Everett Colby '97
Year Inducted: 1981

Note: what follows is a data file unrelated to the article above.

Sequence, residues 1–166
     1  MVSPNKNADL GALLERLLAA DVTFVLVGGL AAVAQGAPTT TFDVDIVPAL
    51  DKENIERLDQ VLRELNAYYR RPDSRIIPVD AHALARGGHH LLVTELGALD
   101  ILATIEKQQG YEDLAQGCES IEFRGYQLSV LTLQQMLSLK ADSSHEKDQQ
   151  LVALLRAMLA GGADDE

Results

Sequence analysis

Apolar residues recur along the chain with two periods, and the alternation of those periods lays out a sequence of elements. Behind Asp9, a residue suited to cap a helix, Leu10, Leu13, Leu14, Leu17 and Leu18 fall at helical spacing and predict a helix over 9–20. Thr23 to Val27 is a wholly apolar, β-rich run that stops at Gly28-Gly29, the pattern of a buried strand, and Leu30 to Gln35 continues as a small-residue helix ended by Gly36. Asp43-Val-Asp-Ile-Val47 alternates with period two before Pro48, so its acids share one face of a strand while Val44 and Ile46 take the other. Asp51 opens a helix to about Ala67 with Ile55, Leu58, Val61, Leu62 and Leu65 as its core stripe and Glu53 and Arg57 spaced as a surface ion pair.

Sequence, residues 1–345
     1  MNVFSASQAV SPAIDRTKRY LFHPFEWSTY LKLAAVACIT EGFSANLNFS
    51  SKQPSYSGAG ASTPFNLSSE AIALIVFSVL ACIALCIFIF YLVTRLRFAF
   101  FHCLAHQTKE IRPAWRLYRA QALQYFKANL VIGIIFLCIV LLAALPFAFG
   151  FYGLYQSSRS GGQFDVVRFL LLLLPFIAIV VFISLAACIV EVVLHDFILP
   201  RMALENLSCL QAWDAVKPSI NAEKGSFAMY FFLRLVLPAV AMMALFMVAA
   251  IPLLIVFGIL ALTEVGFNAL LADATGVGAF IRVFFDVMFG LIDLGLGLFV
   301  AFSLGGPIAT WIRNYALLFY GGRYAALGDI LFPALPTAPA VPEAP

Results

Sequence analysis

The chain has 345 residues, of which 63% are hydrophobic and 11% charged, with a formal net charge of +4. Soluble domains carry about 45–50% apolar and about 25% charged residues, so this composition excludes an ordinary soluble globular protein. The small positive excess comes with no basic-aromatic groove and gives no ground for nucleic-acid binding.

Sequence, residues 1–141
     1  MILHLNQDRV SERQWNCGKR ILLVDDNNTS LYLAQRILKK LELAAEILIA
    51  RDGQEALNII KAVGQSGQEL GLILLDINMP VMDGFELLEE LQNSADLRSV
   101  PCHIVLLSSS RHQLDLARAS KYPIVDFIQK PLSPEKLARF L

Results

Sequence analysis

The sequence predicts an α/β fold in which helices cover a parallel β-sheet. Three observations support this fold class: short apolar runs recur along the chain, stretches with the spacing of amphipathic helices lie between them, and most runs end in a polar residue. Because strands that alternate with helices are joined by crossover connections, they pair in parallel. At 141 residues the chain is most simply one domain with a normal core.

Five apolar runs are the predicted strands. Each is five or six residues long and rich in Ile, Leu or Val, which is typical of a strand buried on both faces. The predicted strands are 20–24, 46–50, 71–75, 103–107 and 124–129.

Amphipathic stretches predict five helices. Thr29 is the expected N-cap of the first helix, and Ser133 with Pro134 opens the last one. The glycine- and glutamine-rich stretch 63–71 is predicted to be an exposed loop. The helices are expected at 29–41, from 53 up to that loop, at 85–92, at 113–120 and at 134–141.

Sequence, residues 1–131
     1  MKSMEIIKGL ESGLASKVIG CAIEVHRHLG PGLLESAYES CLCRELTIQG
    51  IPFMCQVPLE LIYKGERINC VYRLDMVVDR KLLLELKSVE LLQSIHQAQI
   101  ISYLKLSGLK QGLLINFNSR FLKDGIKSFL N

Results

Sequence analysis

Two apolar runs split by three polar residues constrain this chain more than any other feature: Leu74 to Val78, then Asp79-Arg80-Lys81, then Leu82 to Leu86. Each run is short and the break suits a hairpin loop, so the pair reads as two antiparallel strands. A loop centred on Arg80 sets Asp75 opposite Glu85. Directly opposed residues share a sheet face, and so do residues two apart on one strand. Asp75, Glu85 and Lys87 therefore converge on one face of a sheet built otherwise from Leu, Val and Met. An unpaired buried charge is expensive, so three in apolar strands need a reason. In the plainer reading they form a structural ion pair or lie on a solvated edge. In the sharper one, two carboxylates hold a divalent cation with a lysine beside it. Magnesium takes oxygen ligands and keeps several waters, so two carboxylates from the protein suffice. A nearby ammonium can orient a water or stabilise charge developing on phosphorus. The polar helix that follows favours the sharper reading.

Everett Colby '97 was captain of the 1896 football team of which his boyhood friend and college roommate, John D. Rockefeller, Jr. '97 was manager. "Colby was the best all-around quarterback I ever saw at Brown," said the late Daff Gammons '98 some years back. "Because of his great speed he was quick to get through the line or around the end to lead the interference. He was a football player in every sense of the word and was capable of doing more things than he was called upon to do in the old-style football he played. He was also an inspiration to the entire team and everyone worked very hard for him." Colby's grandfather was Gardner Colby, the man for whom Colby College was named, and his father was Charles L. Colby '58, a tycoon with the Northern Pacific Railroad. There was a gallantry in Everett Colby that colored everything he did. He was an interesting and lively man, one who never took the safe or cautious approach. He was admitted to the New York Bar in 1900 but lived at his country estate, Llewellyn Park, in New Jersey, a showplace and for many years the center of the fox hunting and polo-playing set in Essex County. Mr Colby became a member of the New Jersey Board of Education in 1900 at age 29, was leader of the Republican majority in the House of Representatives from 1903 to 1905, and then became a state Senator for three more years. He and Teddy Roosevelt were close friends, and Colby followed T.R. out of the Republican ranks and into the Progressive Party in 1912, although he returned to the GOP in 1916 to support fellow Brunonian Charles Evans Hughes in his bid for the presidency. Colby worked in Herbert Hoover's Food Administration during World War I and later served as a major in the tank corps. He also worked closely with Woodrow Wilson, another close friend, as chairman of the League of Nations Non-Partisan Committee. Colby was a Brown trustee from 1906 to 1940, served as president of the Brown Club in New York, and was active in the affairs of his class. He died on June 19, 1943 at age 68. Among the survivors was his daughter, Anne, who was the wife of William K. Vanderbilt, one-time governor of R.I.